Court of Appeals of Illinois, First District, Fourth Division
Appeal from the Circuit Court of Cook County. No. 11 CH 43251. Honorable Moshe Jacobius, Judge Presiding.
John S. Xydakis, of Law Office of John S. Xydakis, of Chicago, for appellants.
Stephen L. Golan and Caren A. Lederer, both of Golan & Christie LLP, of Chicago, for appellee.
JUSTICE ELLIS delivered the judgment of the court, with opinion. Justices Howse and Cobbs concurred in the judgment and opinion.
[¶1] This is a mortgage foreclosure case in which the principal defenses raised by the homeowner arise under the federal Truth in Lending Act (TILA) (15 U.S.C. § § 1601 et seq. (2006)). In this appeal, we must decide whether plaintiff, People's Bank of Arlington Heights (People's Bank), was required to comply with certain disclosure provisions of TILA before foreclosing on a home owned by defendants Marshall Atlas and Arlene Atlas. The trial court found TILA inapplicable, and thus granted summary judgment in favor of People's Bank, because the loan secured
by the mortgage on defendants' home was a commercial loan, not a consumer loan, and was thus exempt from TILA's disclosure requirements. We agree with the trial court and affirm its judgment.
[¶2] I. BACKGROUND
[¶3] The loan and foreclosure at issue in this case were preceded by some factual background that we will briefly detail. Defendant Marshall Atlas was the owner of Salta Group, Inc. (Salta), and his wife Arlene Atlas was an owner of HBZ, Inc. (HBZ). Both Salta and HBZ were in the business of purchasing tax certificates--delinquent real estate taxes sold by the county in which the subject property was located. To fund their operations, Salta and HBZ took out various loans from People's Bank. Marshall personally guaranteed the loans to Salta, and Arlene personally guaranteed the loans to HBZ. In May 2010, People's Bank renewed Salta's revolving line of credit in the amount of $2.3 million. (It renewed a similar revolving draw loan to HBZ as well, but that loan is not pertinent to this appeal.) The Salta line of credit was secured by a security interest in the tax certificates owned by Salta.
[¶4] In June 2011, People's Bank became concerned that the Salta line of credit was under-collateralized because, it alleges, the tax certificates were less valuable than they had been represented to be, and because People's Bank believed that Marshall had pledged those tax certificates to secure loans from other sources, as well.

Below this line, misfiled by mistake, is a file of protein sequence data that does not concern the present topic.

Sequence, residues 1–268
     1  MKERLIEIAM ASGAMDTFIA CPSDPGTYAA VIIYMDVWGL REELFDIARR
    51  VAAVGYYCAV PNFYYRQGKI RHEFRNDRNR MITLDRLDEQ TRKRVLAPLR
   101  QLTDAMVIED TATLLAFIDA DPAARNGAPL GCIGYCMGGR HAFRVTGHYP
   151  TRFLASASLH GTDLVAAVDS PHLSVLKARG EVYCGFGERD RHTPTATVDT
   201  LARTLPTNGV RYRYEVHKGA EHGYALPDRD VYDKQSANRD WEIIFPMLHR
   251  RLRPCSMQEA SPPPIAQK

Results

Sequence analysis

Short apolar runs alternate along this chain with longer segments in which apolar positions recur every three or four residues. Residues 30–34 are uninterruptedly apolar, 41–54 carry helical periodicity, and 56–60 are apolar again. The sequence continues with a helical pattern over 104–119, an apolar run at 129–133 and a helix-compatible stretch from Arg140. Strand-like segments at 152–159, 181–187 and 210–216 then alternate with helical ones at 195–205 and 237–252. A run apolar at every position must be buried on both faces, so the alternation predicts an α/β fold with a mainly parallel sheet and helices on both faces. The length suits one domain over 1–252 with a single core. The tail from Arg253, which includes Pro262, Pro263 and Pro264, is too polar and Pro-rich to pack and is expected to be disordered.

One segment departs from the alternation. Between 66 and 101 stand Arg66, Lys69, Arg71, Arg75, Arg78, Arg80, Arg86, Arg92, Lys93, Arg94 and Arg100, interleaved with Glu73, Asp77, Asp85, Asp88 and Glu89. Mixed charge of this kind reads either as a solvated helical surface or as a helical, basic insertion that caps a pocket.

[¶5] To satisfy People's Bank's concern and to pay down the Salta line of credit, Marshall and Arlene personally borrowed $960,000 from People's Bank and executed a first mortgage on their residence to secure the loan. The proceeds of that loan were not given to Marshall or Arlene; instead, they were transferred directly and credited to the Salta line of credit. It is this $960,000 loan that is the subject of this appeal.
[¶6] The first page of the note for this loan indicated that the loan's purpose was " Consumer." One paragraph of the note, captioned " Loan Purpose," stated, " The purpose of this Loan is to provide a shareholder loan to Salta Group, Inc."
[¶7] The note also contained a paragraph entitled, " Federal Truth-In-Lending Disclosures," which included information regarding the loan's interest rate, the estimated monthly payments, the amount financed, and the total payments defendants would make.
[¶8] The note included two documents entitled, " Notice of Right of Rescission." These notices said that they " relate[d] to a consumer credit account dated July 26, 2011" between People's Bank and defendants, Marshall and Arlene. The notices both contained the following provisions:
" Your Right to Cancel
You are entering into a transaction that will result in a mortgage/lien/security interest on/in your home. You have a legal right under federal law to cancel this transaction, without cost, within three business ...